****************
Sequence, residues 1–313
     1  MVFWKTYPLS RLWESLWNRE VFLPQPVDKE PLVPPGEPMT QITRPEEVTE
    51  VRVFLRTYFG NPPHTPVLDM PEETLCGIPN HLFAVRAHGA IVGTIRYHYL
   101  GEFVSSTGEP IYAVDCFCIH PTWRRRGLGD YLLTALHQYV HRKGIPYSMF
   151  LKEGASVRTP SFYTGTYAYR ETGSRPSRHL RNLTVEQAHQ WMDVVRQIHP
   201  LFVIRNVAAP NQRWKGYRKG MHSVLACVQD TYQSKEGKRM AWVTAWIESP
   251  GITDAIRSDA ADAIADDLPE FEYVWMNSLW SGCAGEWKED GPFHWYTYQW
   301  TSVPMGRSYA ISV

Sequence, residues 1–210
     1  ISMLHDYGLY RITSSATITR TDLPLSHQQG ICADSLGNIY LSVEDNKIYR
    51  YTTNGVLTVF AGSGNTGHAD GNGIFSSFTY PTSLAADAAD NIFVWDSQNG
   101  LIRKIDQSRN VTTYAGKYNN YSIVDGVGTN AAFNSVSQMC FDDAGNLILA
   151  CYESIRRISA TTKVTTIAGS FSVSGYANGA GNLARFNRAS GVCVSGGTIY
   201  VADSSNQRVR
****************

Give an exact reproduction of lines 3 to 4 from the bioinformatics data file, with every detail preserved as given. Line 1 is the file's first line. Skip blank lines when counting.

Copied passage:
    51  VRVFLRTYFG NPPHTPVLDM PEETLCGIPN HLFAVRAHGA IVGTIRYHYL
   101  GEFVSSTGEP IYAVDCFCIH PTWRRRGLGD YLLTALHQYV HRKGIPYSMF